Kumeyaay Exhibit

In honor of the Kumeyaay Garden Dedication Ceremony taking place on Friday, September 22nd, Copley Library’s exhibit space features artifacts and publications highlighting the Kumeyaay people.Kumeyaay exhibit case with baskets and books. Prior to the arrival of European settlers, the Kumeyaay resided throughout what is now San Diego and into Baja California, including on the land that is now the University of San Diego Campus. The Kumeyaay Garden, located on Alcala Park Way behind the Hahn University Center, is a space that honors the Kumeyaay people, their traditional territory on which the USD campus resides, and plants indigenous to this land.

Copley Library’s Kumeyaay exhibit, curated by Diane Maher, Head of Special Collection, contains three works of Kumeyaay basketry, courtesy of the May Collection. Made of bear grass, juncus, pine, and yucca, these baskets represent a snipped of the Kumeyaay use of native plants. Once you view the intricacies of these baskets, visit the Kumeyaay Garden to see how these plants grew and how they had to be transformed to be utilized.

Kumeyaay pine needle basketry jar with lid.

Kumeyaay basket made of pine needles wrapped with yucca fibers.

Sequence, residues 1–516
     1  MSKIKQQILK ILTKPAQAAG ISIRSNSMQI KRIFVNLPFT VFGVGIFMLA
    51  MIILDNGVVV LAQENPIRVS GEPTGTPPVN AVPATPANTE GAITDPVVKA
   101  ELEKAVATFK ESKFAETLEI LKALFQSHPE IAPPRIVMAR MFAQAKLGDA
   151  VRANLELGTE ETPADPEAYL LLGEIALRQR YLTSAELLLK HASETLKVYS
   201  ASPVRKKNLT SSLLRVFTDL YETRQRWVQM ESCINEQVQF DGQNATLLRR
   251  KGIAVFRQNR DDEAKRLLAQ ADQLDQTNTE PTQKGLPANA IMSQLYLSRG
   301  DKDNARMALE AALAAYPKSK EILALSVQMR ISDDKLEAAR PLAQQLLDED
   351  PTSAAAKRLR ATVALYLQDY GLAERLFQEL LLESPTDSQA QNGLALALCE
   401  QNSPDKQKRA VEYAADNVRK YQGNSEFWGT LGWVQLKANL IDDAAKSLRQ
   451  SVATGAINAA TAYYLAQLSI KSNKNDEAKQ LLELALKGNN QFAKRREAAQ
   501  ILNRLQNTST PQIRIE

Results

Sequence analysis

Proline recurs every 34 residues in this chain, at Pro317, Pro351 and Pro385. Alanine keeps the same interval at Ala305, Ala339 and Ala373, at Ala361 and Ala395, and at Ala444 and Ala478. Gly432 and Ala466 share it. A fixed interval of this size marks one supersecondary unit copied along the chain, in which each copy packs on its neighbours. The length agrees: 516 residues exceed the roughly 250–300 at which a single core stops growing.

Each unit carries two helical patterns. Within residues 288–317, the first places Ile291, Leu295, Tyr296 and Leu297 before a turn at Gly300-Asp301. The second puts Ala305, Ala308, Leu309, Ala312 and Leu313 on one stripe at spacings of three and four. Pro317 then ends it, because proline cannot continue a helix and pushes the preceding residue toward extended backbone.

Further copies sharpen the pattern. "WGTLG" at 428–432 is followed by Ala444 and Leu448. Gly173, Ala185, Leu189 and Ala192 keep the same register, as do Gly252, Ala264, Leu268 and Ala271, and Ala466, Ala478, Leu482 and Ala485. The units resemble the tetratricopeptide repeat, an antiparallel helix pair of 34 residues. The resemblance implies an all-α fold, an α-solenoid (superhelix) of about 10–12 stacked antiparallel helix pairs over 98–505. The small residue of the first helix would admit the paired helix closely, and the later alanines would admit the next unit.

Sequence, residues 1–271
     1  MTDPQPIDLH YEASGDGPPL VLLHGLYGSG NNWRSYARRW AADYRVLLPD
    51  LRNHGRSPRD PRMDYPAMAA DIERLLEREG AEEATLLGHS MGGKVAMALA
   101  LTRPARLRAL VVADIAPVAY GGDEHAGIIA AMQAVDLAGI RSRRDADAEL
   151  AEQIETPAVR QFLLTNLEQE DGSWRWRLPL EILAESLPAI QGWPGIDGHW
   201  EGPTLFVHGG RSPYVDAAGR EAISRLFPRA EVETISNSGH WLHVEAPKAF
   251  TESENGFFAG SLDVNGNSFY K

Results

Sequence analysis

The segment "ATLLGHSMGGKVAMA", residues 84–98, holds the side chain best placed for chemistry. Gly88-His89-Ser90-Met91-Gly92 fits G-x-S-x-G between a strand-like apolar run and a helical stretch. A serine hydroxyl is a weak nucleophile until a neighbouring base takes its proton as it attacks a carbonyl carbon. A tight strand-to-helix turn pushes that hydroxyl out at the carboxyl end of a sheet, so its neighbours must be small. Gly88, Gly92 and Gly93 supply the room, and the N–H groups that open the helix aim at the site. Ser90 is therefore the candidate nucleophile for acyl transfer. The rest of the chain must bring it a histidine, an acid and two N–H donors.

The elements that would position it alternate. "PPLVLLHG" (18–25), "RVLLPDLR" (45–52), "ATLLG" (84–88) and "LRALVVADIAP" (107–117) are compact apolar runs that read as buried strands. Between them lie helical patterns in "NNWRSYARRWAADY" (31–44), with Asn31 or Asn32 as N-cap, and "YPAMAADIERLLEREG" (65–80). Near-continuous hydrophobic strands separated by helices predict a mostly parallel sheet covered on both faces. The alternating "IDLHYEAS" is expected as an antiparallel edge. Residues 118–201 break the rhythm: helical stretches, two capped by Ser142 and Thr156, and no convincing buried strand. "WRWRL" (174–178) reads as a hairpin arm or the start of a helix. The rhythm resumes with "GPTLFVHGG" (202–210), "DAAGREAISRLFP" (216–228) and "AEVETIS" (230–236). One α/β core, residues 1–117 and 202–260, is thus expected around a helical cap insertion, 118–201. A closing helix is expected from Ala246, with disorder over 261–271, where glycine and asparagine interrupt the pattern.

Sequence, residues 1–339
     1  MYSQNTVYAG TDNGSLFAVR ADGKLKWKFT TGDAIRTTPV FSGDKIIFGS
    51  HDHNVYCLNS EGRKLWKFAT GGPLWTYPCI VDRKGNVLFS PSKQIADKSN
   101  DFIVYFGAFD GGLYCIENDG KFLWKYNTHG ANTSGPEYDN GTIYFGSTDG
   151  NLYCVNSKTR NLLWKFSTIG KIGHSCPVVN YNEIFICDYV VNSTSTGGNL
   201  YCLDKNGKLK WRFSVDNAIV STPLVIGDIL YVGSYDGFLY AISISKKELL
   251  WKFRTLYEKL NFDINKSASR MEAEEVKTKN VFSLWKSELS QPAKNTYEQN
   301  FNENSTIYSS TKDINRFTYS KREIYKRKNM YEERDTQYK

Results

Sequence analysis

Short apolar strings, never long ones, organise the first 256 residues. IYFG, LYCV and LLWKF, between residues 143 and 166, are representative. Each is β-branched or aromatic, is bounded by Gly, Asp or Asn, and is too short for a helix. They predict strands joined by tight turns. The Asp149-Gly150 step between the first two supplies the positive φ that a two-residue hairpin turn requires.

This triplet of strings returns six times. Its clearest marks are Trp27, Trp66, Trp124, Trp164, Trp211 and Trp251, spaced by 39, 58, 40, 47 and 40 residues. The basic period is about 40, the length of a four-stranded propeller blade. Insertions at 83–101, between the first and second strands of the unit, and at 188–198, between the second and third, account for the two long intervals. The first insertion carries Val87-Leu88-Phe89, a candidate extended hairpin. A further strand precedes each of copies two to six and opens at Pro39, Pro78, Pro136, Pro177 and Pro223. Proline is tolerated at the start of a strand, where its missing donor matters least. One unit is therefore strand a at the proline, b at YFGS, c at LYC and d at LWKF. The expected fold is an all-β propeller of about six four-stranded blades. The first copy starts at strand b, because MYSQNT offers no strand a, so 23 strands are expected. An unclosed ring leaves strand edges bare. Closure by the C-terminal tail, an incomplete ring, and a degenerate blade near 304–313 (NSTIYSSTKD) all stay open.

Also featured in the exhibit is the work of Florence Connolly Shipek, an American anthropologist and ethnohistorian who focused much of her work on the study and advocacy of Southern California Indians. In addition to her published works about the Kumeyaay and other Native California tribes, Shipek served as an expert witness in Indian land and water rights cases. She also served as the Director of the Community Development Program for the University of San Diego where she headed an Indian Reservation Community Development program. Shipek’s work, along with a variety of publications on Kumeyaay history and culture available in the Library and Special Collections, are on display.

Delfina Cuero and autobiography.

Delfina Cuero, a Kumeyaay Indian, in whose autobiography she delves into life as a Kumeyaay woman and the changes she observed on what had been her ancestors land.

The Kumeyaay Garden Dedication Ceremony, which takes place on California Native American Day, will feature storytelling, tours, bird singing and Kumeyaay cultural activities. Be sure to attend the Ceremony, stop by the Kumeyaay exhibit space in Copley Library, and visit the David W. May American Indian Gallery in Serra Hall which also features an exhibit in conjunction with the dedication of the Kumeyaay Garden.

 

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